"I'd like for you all to ask your grandparents if any of them could come up and talk to the class about the olden days. It's a much better learning experience to hear it straight from the horse's mouth - so to speak."

I thought of my grandmother on my father's side. My mother was always saying that grandma "bent the elbow a little too often", and dad said that she only staggered when she walked because her lumbago was playing up. I never knew what either of them meant, but it seemed to me that grandma was always drunk. Then I thought of Grandma Dunham. She was on holiday from Queensland, but I was sure she wouldn't mind coming to talk to my class. I put up my hand and told Ms Sposato that I would ask her and that my Grandma Dunham had grown up in Langwarrin and was one of the first pupils at St Maria Goretti's over seventy years ago. Ms Sposato was pleased and I hoped Grandma Dunham would be able to come in.

We went back to our desks to do some fractions. Seymor Pereira made paper aeroplanes under his desk lid to fling at Bronwyn Bunting every time she bent her head to work. I was so busy watching this spectacle that I didn't notice Grandma Dunham walking into our classroom. When I finally heard Ms Sposato's voice, which always sounded different when she was talking to normal people, I turned casually around to see her in deep conversation with my grandmother. When Ms Sposato saw me looking she gestured smilingly for me to come over.

"You silly sausage, you forgot your lunch and your grandmother has very kindly brought it to school for you. While she's here she has just agreed to give the class a talk on the olden days."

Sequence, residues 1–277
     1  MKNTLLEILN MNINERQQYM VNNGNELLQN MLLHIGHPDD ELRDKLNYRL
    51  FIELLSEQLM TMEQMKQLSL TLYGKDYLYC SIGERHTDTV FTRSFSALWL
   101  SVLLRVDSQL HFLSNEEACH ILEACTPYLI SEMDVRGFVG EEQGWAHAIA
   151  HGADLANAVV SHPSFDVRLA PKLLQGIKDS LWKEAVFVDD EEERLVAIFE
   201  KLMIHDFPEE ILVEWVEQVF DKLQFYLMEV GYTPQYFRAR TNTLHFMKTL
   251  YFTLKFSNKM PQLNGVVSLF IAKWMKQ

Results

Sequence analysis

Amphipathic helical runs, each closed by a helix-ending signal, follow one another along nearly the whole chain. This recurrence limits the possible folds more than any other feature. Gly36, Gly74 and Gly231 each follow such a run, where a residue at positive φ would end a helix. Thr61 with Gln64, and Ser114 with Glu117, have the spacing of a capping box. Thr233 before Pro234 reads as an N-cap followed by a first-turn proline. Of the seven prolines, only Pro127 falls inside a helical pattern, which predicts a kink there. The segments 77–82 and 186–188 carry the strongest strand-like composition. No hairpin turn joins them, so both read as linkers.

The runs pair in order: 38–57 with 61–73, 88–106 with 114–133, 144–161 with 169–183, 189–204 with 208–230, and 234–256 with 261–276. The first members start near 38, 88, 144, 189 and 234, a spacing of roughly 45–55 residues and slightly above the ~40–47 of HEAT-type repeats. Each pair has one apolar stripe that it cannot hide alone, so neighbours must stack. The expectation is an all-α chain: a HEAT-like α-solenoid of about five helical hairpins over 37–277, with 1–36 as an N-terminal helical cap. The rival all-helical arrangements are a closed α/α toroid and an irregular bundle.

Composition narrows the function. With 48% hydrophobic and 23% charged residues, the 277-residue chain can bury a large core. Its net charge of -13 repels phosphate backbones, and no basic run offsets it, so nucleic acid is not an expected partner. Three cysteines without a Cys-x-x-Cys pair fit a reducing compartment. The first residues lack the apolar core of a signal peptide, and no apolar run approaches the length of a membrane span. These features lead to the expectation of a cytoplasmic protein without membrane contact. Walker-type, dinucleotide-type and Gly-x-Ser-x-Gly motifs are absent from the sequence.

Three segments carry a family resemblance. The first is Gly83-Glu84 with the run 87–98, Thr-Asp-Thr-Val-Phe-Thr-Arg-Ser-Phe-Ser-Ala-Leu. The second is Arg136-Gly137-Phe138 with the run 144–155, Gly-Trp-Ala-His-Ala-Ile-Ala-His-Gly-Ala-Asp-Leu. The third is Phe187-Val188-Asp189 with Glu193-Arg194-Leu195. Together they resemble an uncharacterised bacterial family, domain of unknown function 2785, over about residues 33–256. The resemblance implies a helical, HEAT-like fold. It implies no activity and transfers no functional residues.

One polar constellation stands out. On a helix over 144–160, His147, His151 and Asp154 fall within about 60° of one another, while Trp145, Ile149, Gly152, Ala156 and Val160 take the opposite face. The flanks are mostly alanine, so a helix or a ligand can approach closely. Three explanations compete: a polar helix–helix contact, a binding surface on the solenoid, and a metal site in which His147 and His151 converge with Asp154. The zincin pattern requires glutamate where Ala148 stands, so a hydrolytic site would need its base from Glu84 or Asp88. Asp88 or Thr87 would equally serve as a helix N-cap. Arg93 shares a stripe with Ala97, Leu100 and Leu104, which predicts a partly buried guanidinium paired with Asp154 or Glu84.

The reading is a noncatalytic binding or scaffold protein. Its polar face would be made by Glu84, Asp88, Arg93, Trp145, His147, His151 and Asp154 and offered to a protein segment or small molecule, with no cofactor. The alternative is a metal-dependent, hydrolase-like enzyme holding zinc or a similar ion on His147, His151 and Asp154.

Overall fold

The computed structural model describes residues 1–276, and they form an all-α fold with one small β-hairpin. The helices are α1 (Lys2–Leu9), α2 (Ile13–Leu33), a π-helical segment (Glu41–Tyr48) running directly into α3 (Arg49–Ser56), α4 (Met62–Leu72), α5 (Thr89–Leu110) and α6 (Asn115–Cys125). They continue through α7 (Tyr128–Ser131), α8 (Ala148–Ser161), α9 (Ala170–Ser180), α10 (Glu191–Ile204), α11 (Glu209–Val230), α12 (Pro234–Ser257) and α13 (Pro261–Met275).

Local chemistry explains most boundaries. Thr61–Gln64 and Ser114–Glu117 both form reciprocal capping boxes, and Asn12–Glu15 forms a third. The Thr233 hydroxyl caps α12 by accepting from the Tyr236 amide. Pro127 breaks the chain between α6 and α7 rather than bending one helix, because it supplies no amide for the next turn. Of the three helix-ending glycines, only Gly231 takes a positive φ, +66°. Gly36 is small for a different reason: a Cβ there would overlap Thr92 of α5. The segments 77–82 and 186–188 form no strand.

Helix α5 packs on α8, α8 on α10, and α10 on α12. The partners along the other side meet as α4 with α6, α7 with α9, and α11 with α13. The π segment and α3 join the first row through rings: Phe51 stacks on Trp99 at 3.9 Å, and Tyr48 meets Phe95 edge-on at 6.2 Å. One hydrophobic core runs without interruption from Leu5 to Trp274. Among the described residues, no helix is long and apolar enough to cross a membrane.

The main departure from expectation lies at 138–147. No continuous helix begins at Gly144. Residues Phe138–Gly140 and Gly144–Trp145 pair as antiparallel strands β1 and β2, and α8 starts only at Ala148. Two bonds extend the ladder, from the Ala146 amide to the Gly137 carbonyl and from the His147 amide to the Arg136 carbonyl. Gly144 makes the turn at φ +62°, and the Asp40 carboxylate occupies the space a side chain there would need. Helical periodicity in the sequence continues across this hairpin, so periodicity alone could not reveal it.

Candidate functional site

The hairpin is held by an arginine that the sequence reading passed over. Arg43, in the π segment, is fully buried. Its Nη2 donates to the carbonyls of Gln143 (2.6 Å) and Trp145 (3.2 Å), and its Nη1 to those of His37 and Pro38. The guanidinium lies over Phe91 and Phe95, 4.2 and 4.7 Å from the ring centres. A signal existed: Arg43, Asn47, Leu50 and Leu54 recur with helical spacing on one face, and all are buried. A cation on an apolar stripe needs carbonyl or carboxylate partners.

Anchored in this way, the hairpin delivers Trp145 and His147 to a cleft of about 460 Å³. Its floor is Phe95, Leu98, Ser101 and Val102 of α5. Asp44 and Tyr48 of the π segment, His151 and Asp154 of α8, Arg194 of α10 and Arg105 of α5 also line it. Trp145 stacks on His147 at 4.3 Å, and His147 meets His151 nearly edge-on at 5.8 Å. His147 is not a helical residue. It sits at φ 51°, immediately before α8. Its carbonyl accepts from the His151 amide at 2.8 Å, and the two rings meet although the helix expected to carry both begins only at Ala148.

I was a bit embarrassed when Grandma Dunham handed my huge Mickey Mouse lunchbox to me in front of the whole class. It smelt vaguely of last night's sausages which was no doubt what my mother had put in my sandwiches. My Mickey Mouse lunchbox hadn't seen the light of day since grade 2. I always kept it in my bag and reached in to get my lunch out so no one would see it. It was a present from my uncle who had been to Disney World when I was in prep. I used to love it then, but now I blushed and hurried it out to the corridor.

Strolling casually back into the room, Mickey Mouse shoved where the sun didn't shine, the class were sitting on the floor and my grandma was sitting on a low chair next to Ms Sposato and the heater. Ms Sposato introduced Grandma Dunham and told us how lucky we were to have someone so truly ancient come to speak to us. We clapped politely and Grandma Dunham smiled all over her face.